The Hague Convention is not an exclusive remedy. This means that parents may use other laws to seek return of, or access to, a child that is in the United States. The Uniform Child Custody Jurisdiction and Enforcement Act (“UCCJEA”), is a uniform state law which has been enacted in some form in 49 states, the U.S. Virgin Islands, Guam, and the District of Columbia. The UCCJEA requires state courts to enforce child custody and visitation determinations made in a foreign country where the foreign court substantially conformed with the UCCJEA’s jurisdictional standards, as long as the parties had notice and opportunity to be heard. Only limited defenses apply. The act provides expedited enforcement proceduresfor enforcement, and procedures to register custody and visitation determinations in advance of enforcement. The UCCJEA also regulates when a court in the United States has jurisdiction to make or modify a custody order, and when to defer to courts in other states or countries.
Citations to each U.S. state’s version of the UCCJEA laws can be found here.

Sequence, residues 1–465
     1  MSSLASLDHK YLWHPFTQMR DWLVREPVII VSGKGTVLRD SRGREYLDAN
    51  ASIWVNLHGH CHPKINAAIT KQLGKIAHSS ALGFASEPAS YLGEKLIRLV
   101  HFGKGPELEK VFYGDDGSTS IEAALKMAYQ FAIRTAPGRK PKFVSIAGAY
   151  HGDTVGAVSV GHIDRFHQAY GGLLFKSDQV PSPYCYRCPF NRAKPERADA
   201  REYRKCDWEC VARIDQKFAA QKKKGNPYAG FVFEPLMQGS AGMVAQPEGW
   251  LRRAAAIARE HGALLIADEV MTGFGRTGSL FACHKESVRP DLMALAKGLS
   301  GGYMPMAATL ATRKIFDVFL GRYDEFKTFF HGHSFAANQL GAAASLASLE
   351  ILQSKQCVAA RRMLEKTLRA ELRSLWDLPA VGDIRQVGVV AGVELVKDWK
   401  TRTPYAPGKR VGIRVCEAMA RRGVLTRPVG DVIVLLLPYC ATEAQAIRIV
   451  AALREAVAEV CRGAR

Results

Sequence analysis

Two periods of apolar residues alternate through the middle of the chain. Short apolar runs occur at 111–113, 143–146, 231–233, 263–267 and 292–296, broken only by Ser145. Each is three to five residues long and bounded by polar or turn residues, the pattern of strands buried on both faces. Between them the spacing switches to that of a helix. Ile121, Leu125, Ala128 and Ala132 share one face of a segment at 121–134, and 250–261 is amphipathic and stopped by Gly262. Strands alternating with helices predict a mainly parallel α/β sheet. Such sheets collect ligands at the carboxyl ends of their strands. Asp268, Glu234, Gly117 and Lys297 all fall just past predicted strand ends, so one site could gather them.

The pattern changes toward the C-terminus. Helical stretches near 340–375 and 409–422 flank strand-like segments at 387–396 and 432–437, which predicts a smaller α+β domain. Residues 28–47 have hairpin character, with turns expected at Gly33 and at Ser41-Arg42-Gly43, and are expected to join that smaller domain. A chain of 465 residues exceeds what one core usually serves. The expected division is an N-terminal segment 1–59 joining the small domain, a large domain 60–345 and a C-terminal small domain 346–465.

More Information about the UCCJEA
For more information about the UCCJEA, OJJDP Bulletin (2001): click here.
When you have a choice between using the Hague Convention (if you are in a country that is a treaty partner of the United States), or filing an action under the UCCJEA to enforce a foreign custody/access order, you and your attorney will decide the best strategy to achieve your objectives. (It may be possible to request both remedies in the alternative.) The following is a list of comparisons between the Hague Abduction Convention and the UCCJEA. This is provided for general informational purposes only and is not intended to be legal advice. You should always discuss your case with your attorney before taking any actions. Your attorney will advise you about your state’s law, which may differ from the uniform act.
Abduction cases where no court order exists